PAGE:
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Does S. Africa really employ more civil servants than the US? The claim is false

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Does South Africa employ more civil servants than the United States of America, a country with one of the largest economies in the world and a population of 319 million?

The claim crops up frequently in tweets, blog posts and comment pieces.

Even Business Times columnist Stephen Mulholland weighed in on the subject last year in a piece headlined, “An orgy of jobs for bureaucratic pals”. “We have more people on the state payroll than the US, which has a population six times the size of ours and a gross domestic product (GDP) some 45 times bigger than ours,” Mulholland claimed. A News24 contributor described the South African civil service as “the largest gravy train ever seen in Africa”.

There are very real concerns about the size of South Africa’s government bureaucracy but does it really eclipse that of the United States?

2.161 million SA civil servants

Statistics South Africa (StatsSA) tracks employment in South Africa in both private and public sectors.

According to its June 2014 Quarterly Employment Statistics (QES) survey, there were 455,701 national government employees, a further 1,118,748 people working for provincial authorities, 311,361 people were employed by local authorities and 275,851 employees worked for “other government institutions” like libraries, parks, zoos and education and training authorities. This adds up to a grand total of 2.161-million civil servants.

Ten times more

US President Barack Obama addresses a "town hall meeting" at the University of Johannesburg on June 29, 2013. Photo: AFP/Saul Loeb
US President Barack Obama addresses a "town hall meeting" at the University of Johannesburg on June 29, 2013. Photo: AFP/Saul Loeb" />

So how does Uncle Sam’s workforce compare? The US Bureau of Labour Statistics conducts a monthly survey as part of its Current Employment Statistics (CES) programme. Around 144,000 businesses and government agencies are included.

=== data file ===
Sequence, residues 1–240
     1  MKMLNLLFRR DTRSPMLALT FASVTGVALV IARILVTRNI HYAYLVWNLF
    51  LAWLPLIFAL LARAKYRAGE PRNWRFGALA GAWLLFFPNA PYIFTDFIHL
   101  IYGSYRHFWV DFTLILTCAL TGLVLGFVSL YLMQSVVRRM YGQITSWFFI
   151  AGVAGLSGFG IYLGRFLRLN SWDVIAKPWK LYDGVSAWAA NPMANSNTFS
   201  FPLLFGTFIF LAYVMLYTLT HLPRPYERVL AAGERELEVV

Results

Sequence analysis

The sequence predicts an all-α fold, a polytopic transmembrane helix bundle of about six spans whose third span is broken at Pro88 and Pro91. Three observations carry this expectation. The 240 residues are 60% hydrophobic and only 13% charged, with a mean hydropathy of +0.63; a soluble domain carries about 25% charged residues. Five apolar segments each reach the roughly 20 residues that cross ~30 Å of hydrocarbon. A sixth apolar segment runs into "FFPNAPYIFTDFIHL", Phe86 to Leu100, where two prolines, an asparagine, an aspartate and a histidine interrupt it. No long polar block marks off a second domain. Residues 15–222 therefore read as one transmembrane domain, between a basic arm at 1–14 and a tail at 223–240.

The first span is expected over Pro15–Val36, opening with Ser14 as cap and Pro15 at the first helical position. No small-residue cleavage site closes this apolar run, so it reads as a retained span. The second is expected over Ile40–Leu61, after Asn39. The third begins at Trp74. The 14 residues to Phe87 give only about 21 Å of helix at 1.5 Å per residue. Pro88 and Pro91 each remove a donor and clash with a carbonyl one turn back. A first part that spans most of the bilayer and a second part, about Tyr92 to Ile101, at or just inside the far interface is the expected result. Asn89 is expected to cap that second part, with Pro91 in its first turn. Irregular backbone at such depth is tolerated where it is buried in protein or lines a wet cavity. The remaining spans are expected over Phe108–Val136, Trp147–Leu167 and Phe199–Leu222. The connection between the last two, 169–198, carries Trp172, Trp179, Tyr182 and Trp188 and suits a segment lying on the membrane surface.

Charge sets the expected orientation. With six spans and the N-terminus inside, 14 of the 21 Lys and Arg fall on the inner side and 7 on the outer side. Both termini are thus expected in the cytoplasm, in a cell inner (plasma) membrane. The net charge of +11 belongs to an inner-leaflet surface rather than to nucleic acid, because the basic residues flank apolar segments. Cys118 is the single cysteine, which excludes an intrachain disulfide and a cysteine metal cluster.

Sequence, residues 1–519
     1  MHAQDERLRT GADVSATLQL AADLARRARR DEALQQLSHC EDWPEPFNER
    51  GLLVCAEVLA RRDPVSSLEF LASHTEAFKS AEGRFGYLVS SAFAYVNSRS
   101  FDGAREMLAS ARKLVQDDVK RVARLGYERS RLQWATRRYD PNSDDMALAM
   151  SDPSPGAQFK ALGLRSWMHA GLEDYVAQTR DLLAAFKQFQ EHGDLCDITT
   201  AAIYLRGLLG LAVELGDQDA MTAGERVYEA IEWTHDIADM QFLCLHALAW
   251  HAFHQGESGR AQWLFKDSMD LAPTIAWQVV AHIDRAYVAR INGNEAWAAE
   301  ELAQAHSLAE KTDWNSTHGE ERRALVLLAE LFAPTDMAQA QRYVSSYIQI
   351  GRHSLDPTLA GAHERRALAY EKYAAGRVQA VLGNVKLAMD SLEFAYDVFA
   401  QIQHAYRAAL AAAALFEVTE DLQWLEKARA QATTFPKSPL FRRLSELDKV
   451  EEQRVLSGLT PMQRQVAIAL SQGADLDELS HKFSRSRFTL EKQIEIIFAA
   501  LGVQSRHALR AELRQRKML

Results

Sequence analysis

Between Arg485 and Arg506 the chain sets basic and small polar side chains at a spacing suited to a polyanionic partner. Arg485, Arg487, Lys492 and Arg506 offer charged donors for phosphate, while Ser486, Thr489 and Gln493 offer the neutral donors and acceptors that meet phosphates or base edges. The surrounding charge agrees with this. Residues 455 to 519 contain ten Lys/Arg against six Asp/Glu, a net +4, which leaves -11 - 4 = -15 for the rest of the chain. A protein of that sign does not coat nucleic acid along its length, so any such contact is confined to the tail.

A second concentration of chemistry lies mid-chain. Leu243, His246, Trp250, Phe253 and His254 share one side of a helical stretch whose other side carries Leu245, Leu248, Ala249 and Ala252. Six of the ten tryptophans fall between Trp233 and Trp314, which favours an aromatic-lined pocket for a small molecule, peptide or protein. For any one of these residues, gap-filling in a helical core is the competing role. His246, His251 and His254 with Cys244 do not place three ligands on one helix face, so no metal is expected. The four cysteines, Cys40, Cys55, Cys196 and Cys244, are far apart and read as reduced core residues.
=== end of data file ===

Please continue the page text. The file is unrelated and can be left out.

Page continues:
We calculated the average US employment numbers for April, May and June 2014 and compared them to StatsSA data. An average of 2.123-million people worked for the US federal government during that time. A further 5.063-million people worked in 50 state governments and 14.108-million were employed by local authorities. (We excluded the US Postal Service from the count, as StatsSA does not categorise South African Post Office workers as government employees.)

That left us with a US tally of 21.294-million civil servants - almost ten times the corresponding number for South Africa.


Comparing raw numbers does not tell the whole story.

When President Jacob Zuma announced a new cabinet in May this year, which included a number of new ministers, deputy ministers and government departments, it was described as “bloated”, “a monster” and “a waste of money".

Compared to former president Thabo Mbeki’s second term, when there were 28 ministers, Zuma’s current cabinet consists of 35 ministers and 37 deputies.

Unsurprisingly, new ministries and portfolios have over the years added to South Africa’s civil service bill which grew by a staggering 145.6% between 2005 and 2012, according to a study conducted by economists Adèle Breytenbach and Jannie Rossouw.

Inflation accounted for only a portion of this rise. The per capita income of civil servants went up too, top management earned more relative to middle management and the number of government employees climbed by 27.3%. (In contrast, public sector employment in the US increased by 2% during the same period.)

Breytenbach and Rossouw concluded: “[R]ecent growth trends in civil service remuneration are unsustainable, as similar future growth will not be affordable from an economic perspective. A continuation of the recent growth trend will 'crowd-out' other public sector spending priorities.”

The freezing of unfilled civil service jobs - as government is supposedly contemplating at the moment – will not be enough to turn the tide, Breytenbach and Rossouw warned.

Commenting on the recent Quarterly Employment Statistics survey, Dr Azar Jammine - the chief economist at Econometrix – wrote: “[E]mployment creation by means of public sector agencies is not a permanent solution to the country's vast unemployment problem. In the longer term, such a policy is bound to result in huge fiscal strains.”

Conclusion: The claim is false

Data from Statistics South Africa and the US Bureau of Labour Statistics shows that South Africa’s public sector is almost ten times smaller than that of the US: 2.161-million government employees compared to 21.294-million.

But the raw numbers belie disturbing trends. Between 2005 and 2012 the number of South African government employees increased by more than a quarter, whereas numbers grew by only 2% in the US. There are certainly real concerns about long-term sustainability.

Edited by Julian Rademeyer

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